Feathered Friends from Far and Near- 3

Brewer’s Blackbird

This is Brewer’s blackbird, male species.
The Brewer’s Blackbird (Euphagus cyanocephalus) is sexually dimorphic; that is, distinct differences in appearance is shown by male and female of the species. The sexual dimorphism of the species is quite visible, in both plumage and eye colour, though they have similar body shape. Males are all black with a purplish sheen on the head and greenish sheen on the wings and upperparts. They have pale yellow eyes.
I will present the female bird in a later post.
These blackbirds inhabit fields and areas near human habitation. Many can be seen feeding on insects, grains or on food crumbs near parks and eateries.
These birds were photographed in California.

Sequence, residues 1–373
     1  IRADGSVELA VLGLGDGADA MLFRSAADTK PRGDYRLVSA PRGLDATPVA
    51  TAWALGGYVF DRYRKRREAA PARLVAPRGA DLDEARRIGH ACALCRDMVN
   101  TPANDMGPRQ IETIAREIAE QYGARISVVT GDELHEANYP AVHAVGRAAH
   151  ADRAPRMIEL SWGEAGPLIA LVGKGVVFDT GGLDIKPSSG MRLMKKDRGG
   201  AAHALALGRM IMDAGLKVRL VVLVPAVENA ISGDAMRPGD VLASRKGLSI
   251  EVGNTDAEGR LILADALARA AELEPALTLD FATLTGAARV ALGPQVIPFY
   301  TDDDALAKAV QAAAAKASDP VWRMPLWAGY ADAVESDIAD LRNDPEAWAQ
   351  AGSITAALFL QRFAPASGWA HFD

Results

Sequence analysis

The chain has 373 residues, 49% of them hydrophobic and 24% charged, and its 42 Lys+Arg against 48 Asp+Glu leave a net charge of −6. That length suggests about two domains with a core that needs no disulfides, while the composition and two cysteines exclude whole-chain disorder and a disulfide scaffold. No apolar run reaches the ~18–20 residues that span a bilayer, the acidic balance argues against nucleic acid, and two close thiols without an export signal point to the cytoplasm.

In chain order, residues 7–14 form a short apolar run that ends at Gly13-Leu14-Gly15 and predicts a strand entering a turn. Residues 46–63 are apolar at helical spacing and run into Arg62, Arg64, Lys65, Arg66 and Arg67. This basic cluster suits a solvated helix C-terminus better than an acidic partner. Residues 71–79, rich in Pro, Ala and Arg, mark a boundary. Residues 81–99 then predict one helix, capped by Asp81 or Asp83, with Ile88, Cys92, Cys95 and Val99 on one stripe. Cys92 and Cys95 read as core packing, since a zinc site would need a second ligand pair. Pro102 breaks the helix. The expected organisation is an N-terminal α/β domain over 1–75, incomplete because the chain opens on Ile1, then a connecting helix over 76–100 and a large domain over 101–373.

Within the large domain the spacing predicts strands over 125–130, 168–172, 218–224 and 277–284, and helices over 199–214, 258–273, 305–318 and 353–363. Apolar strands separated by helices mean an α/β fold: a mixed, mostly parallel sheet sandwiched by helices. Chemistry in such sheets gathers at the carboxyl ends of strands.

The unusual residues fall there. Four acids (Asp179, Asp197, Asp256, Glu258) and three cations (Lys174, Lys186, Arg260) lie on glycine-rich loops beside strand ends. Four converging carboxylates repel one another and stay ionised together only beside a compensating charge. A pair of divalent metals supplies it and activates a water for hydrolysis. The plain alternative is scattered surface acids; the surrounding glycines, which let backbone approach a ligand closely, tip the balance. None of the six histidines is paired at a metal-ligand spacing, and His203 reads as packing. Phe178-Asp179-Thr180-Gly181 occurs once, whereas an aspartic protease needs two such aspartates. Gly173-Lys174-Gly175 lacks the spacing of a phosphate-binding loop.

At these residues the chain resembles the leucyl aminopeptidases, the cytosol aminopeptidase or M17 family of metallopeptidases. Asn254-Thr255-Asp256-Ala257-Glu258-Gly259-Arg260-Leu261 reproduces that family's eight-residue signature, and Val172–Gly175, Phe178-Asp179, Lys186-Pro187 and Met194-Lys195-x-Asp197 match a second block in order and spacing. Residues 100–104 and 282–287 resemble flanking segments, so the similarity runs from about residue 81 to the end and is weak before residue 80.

32 thoughts on “Feathered Friends from Far and Near- 3

  1. Thank you, Indira, for mentioning the blackbirds as I love them for their personality and singing. I had quite a few living in my garden, feeding in my kitchen, and even coming to supervise my cooking of their breakfast through the cat flap in the morning. What was cooking? Porridge with fat and lots of raisins added after.


    Liked by 1 person

  2. Some people are scared of birds with eyes like that, of corse, they are silly! Blackbirds are beautiful birds and nothing to be scared about. Great captures, Indira. πŸ™‚

    Liked by 2 people

  3. Beautiful sheen on the blackbird’s wing. Our blackbirds here are different – a much plainer black (or brown for the females). They are one of my favourite birds, fun to watch them hopping about in the garden and lovely to hear in the evening.

    Liked by 3 people

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